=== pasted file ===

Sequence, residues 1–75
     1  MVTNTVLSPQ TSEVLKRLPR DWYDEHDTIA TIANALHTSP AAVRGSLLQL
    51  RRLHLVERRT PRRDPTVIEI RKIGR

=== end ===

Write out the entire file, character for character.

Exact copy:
Sequence, residues 1–75
     1  MVTNTVLSPQ TSEVLKRLPR DWYDEHDTIA TIANALHTSP AAVRGSLLQL
    51  RRLHLVERRT PRRDPTVIEI RKIGR